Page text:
I’m starting here because many people consider this quintessential New Orleans radio. This station was founded in a small space above the uptown bar, Tipitina’s, in 1980, by two brothers from Texas. It started as volunteer-staffed 25K watt community radio, with the idea to play New Orleans music for New Orleanians. The station name stands for the “Wonderful Wizard of Oz,” because the founders, Jerry and Walter Brock, wanted listeners to “pay no attention to the man behind the curtain.” The music was supposed to be the station’s focus, rather than DJs and “radio personalities.” But that doesn’t mean some big personalities weren’t helping out behind the scenes (ahem, Al Rose, Ellis Marsalis, Kidd Jordan and Bunny Matthews). And ultimately, there were some big personalities with their own on-air shows, such as Ernie K-Doe (of the “Mother in Law” song-and-lounge fame).
From the start, WWOZ hosted artist interviews and in-studio performances. Now it’s a listener-supported 100K-watts nonprofit, that operates from offices in Treme’s Louis Armstrong Park (and pays staff!). The station is known for southern roots music, such as jazz, blues, zydeco, Cajun, old time and Gospel. But often, it has amazing Latin music—bosa nova, salsa, bachata, rumba, etc. And every year, it broadcasts live sets from Jazz Fest.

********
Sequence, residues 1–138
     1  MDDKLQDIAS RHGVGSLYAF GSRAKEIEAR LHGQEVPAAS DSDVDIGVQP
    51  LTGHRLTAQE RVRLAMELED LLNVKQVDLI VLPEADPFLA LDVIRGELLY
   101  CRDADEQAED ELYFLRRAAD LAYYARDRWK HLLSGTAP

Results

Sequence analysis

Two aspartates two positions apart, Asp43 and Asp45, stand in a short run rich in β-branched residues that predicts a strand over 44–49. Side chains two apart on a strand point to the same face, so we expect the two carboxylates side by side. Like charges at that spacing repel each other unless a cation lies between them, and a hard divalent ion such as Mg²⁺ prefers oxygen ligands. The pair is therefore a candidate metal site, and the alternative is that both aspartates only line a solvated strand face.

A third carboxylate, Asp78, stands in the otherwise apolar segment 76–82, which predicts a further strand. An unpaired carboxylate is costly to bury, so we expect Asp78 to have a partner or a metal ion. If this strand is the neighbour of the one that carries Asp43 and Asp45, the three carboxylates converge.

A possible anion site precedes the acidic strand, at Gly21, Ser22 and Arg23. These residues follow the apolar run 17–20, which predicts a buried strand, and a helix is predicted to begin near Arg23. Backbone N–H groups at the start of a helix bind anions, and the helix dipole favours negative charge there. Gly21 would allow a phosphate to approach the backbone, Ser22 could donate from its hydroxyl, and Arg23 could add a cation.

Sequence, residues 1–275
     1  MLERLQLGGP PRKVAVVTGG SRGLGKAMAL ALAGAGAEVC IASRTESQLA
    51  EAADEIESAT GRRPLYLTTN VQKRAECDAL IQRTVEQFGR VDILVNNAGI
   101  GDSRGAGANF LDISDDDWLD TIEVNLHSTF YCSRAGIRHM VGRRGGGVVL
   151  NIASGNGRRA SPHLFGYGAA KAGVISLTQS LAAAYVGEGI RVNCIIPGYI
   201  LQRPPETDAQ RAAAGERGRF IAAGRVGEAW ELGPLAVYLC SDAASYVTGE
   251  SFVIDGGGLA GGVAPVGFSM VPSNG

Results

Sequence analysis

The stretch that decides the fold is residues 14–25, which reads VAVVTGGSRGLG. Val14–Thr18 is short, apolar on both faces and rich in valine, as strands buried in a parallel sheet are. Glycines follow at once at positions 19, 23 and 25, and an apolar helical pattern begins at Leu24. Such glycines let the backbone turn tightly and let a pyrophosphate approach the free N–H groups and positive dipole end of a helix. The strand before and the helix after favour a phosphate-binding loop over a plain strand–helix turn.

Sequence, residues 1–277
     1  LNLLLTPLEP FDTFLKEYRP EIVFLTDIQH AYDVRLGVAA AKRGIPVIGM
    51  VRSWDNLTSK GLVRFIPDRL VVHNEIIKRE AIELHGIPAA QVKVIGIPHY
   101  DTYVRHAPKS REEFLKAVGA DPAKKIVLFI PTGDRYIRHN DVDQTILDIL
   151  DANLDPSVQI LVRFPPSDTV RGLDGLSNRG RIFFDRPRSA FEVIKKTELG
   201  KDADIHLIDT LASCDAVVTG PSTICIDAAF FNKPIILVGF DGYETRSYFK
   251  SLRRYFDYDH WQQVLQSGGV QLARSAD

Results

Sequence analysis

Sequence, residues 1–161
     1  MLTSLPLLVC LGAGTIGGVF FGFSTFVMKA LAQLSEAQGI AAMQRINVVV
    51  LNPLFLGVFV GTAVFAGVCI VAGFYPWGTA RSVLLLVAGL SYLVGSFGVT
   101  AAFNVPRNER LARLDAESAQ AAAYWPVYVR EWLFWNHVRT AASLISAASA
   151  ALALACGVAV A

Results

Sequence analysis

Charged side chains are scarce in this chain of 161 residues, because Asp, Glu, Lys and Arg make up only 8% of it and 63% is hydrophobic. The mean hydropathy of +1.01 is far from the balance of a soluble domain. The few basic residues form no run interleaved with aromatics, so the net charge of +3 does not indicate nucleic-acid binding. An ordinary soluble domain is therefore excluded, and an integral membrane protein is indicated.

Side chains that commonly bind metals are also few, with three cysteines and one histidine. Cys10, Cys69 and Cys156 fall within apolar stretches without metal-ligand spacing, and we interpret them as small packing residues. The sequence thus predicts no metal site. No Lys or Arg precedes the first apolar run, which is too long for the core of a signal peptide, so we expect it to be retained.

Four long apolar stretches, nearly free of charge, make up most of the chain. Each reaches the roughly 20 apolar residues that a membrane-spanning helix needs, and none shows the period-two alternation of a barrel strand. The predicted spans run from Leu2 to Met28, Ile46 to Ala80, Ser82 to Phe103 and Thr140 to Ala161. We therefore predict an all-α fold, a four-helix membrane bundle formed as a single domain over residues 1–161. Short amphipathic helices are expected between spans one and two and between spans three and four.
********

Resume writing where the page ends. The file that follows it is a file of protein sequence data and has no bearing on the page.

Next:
So this is big corporate radio (I Heart Media aka Clear Channel), but this station is sooooo good, particularly if you grew up in the 90s. It’s nothing but classic hip hop, r&b and soul—heavy on Dr. Dre, Missy Elliot, Salt n Pepa, Notorious BIG, NWA, Sugarhill Gang, OutKast, etc. There’s also a healthy dose of NOLA/early Cash Money Records—Juvenile, Mystikal, Master P, Soulja Slim and Lil Wayne. Stir in some Erykah Badu, add a dash of Prince, and you’ve basically got a Radio Gold cocktail.